Georgian channel recruits Chechen

Move is part of anti-Russian propaganda

A channel in Georgia that was set up to raise awareness about the country’s struggle with Russia has tapped the widow of a Chechen leader to present one of its shows.

The First Caucasian Channel — which has been running as an Internet-based web — was due to go live on a Georgian public television frequency Monday.

Alla Dudayeva — whose husband Dhzhokhar Dudayev, the first leader of the self-proclaimed Chechen Republic of Ichkeria, was killed by a Russian guided missile explosion in 1996 — will host a culture program on the channel.

The channel, which will be broadcast in Russian, will be made available to cable and terrestrial networks as part of a Georgian government drive to get its side of the story across in its troubled relations with Russia.

The two countries fought a brief and bitter war in August 2008 over two Georgian breakaway regions, South Ossetia and Abkhazia. The two territories subsequently declared independence with Russian backing, although virtually no other foreign governments have recognized them.

Georgian president Mikheil Saakashvili said Monday that the new channel — which will report mostly on events in Georgia, Russia and the Caucasus — was important for Georgians, who “should not lose” access to Russian-language broadcasts.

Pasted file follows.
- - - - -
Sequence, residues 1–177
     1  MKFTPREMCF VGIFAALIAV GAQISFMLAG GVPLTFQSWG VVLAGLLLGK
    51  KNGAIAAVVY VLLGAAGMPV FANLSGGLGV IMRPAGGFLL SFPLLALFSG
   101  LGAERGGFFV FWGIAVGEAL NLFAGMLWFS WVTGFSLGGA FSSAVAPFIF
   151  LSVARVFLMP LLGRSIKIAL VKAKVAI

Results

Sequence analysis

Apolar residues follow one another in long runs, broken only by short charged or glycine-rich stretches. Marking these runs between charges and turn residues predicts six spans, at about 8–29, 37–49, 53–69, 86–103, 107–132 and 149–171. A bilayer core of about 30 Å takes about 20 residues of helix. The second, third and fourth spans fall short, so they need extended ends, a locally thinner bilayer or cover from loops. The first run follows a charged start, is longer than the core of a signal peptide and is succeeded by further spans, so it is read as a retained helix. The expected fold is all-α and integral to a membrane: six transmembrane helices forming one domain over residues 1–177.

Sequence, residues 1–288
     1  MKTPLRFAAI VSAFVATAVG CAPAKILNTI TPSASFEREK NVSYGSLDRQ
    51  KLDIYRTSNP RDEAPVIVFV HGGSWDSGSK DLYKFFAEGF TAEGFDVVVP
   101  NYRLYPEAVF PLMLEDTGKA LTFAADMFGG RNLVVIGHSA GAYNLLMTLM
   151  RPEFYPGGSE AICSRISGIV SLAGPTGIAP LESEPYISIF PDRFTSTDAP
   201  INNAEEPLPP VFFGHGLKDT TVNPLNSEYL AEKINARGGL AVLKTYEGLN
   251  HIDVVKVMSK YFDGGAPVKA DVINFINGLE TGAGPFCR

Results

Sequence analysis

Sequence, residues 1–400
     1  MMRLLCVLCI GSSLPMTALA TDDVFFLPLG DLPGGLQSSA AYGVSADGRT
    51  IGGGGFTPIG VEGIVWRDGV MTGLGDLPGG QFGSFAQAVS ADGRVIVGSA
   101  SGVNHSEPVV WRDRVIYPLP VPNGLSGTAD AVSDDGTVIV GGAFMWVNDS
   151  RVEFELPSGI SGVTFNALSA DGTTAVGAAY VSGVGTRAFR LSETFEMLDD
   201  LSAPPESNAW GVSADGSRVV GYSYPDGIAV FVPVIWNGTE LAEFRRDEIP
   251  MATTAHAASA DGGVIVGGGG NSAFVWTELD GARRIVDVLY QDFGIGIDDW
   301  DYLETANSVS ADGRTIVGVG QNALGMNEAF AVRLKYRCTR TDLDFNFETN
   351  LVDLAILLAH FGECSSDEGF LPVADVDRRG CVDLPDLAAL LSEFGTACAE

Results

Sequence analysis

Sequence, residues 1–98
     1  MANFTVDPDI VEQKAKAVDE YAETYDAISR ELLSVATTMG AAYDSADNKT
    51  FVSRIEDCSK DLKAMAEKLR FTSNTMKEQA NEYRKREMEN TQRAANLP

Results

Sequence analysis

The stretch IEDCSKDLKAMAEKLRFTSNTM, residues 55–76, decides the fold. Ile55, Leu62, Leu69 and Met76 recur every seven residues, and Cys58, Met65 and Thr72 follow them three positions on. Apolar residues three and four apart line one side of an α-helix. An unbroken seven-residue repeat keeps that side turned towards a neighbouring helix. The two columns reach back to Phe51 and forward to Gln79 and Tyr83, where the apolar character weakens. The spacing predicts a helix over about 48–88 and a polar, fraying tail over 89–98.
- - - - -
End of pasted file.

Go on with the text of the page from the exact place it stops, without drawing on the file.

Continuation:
Levan Gakheladze, chairman of the board of trustees of the Georgian Public Broadcaster, said the channel — which will be the broadcaster’s third station — would help counter the views of Russian television channels.

“This is a desire to export truth about Georgia,” Gakheladze said.

“We want to report our truth to our target audience, which is very much interested in it.

“We want to tell the truth about what is happening also in Russia — not only in North Caucasus, but also in Moscow.”

The new channel will have an annual budget of around $1.7 million.

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